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2 Easter Wines That Out-Do Them All


The best part about Easter is that no matter when it actually falls on the calendar, it beckons and embraces Spring. It is a time to open the windows, set your table with bright colors, and pull the gang out of hibernation for a festive get-together. The wines you choose, naturally, must rise to this occasion; they must meet their match and over-deliver on the fresh and delight-ing scale! If you choose to serve the "traditional" Easter Ham, leg of Lamb, Sunday brunch, or none of the above - we have the answer for both a red and white selection. In fact, these two slam-dunk wines out do them all - and not just on a 'normal' assessment scale either (read: bouquet, flavor, and texture). Oh, no. The best part is that these wines are virtually unknown entities. Your guests (or your host and their guests) will simply be left to sip and enjoy a serious Ah-ha! sample, likely interrupting all other conversation with their delighted revelation and subsequent inquiries about what magic could possibly be before them. Here we go!

Verus Dry Furmint ~ Slovenia

A guest at a recent Pour Favor tasting said that he is more "judgmental" of whites than reds - for him they have a greater risk of disappointment and need to offer something particularly intriguing on the nose to capture his interest and then follow through on the palate. While our own team can agree or disagree with such sentiment, the point is very well taken. This is not an uncommon feeling. Fortunately we have the remedy this Easter: the Verus Dry Furmint will get you fully on board the white wine bandwagon - or absolutely blow you away, if you are already a white wine aficionado!

Here was our play-by-play reaction during our last encounter with this gorgeous, expressive wine:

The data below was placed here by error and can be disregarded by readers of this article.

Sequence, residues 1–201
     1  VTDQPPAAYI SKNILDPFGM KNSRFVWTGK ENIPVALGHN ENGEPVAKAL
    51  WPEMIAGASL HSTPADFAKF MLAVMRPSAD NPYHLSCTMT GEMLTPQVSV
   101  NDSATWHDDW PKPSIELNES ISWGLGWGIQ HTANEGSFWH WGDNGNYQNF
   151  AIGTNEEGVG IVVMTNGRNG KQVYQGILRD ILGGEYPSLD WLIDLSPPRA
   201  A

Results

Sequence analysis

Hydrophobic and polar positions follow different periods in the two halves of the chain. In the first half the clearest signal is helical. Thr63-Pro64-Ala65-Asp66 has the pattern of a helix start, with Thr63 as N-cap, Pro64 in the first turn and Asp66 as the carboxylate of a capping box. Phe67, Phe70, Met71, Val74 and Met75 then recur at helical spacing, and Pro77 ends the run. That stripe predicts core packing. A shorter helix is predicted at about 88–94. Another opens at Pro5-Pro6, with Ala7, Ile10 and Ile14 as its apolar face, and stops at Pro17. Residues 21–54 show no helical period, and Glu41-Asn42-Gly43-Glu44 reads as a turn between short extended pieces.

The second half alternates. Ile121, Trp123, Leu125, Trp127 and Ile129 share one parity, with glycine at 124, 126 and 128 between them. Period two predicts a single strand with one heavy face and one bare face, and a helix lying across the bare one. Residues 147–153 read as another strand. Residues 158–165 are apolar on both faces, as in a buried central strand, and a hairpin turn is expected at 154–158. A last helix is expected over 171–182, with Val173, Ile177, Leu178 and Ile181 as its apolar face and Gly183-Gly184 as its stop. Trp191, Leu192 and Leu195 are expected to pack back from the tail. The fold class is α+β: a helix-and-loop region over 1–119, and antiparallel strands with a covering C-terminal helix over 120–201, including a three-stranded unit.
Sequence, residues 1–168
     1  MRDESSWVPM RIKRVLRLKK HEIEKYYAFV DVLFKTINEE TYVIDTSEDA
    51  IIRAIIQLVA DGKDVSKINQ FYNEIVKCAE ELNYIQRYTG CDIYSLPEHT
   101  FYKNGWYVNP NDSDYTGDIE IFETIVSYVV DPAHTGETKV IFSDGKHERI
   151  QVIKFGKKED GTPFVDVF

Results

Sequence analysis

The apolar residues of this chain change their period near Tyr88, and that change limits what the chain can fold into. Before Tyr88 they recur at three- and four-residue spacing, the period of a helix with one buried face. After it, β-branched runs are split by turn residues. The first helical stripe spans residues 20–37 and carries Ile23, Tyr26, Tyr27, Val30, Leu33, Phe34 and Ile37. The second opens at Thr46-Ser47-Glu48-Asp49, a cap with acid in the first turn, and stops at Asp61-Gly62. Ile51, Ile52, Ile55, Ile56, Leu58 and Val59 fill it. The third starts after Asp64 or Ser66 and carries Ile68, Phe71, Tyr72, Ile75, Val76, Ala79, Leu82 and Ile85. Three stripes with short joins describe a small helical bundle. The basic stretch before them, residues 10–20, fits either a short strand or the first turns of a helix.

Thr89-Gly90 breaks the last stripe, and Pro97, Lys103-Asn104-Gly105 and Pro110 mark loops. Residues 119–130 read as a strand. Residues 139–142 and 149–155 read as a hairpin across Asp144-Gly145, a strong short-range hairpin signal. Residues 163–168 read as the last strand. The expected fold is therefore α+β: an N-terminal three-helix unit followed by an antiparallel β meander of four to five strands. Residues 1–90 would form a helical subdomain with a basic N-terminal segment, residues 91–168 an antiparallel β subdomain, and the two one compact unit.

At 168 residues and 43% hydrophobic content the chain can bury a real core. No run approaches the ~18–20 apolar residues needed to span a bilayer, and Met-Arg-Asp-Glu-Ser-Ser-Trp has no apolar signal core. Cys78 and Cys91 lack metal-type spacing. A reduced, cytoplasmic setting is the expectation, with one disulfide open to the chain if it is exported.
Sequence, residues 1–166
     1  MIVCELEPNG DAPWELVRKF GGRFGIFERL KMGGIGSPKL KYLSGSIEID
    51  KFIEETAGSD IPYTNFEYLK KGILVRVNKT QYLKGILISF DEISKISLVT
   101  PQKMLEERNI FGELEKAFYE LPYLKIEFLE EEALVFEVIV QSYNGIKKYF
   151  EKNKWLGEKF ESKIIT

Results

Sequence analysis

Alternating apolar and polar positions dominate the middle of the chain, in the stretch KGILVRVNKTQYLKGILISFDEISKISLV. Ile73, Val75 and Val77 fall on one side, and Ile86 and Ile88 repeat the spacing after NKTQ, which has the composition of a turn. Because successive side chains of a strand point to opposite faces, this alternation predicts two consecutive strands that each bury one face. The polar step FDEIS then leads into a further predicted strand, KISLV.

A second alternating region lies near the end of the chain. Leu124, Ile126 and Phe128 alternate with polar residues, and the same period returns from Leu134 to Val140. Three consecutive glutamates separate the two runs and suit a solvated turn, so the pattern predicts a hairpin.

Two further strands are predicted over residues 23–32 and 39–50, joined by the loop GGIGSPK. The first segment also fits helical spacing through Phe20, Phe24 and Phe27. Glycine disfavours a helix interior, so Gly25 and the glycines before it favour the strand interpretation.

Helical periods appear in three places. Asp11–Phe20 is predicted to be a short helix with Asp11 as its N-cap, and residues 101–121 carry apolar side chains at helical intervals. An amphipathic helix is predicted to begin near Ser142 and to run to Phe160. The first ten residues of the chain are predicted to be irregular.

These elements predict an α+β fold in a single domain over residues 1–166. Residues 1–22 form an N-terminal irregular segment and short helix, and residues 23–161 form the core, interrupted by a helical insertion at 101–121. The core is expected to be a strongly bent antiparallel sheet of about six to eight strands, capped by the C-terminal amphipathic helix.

A touch of smokey petrol leads way to chalk and talc, clean earth - wow, like spring rain on gravel; kind of ocean-spray minerality; no - it's the aftermath of a monsoon! Fresh rain and wet earth, stones and cut grass - and that's just the nose! [Insert Taste...] Wow, the palate is just as bright - I'm getting white peach and a kiwi note with a lot of mouthwatering Granny Smith apple; but all of the dimension from the nose is playing out, too. And, nice, the finish has a really great bite of scallion, too."

And those, friend, are the notes of a woman in love! Such complexity, freshness and familiar notes are more rare than they are regular (good news/bad). Generally speaking, this extraordinary dry white sets a very high bar; but the acidity, weight and dynamic flavor composition are just what we're looking for when it comes time to gather friends for a meal - and in this case, are the makings for a fabulous springtime Easter fest!

Of course, don't get distracted - remember we also promised you lesser-known finds for this great feast... so note that this white takes you to Slovenia! Arguably the only reason the world doesn't yet know Slovenian wines is political. They have, however, been making wines there since before the Romans even got a whiff of the idea. Exploring the Verus Dry Furmint is both a wine lover's and a nature lover's dream. Enjoy!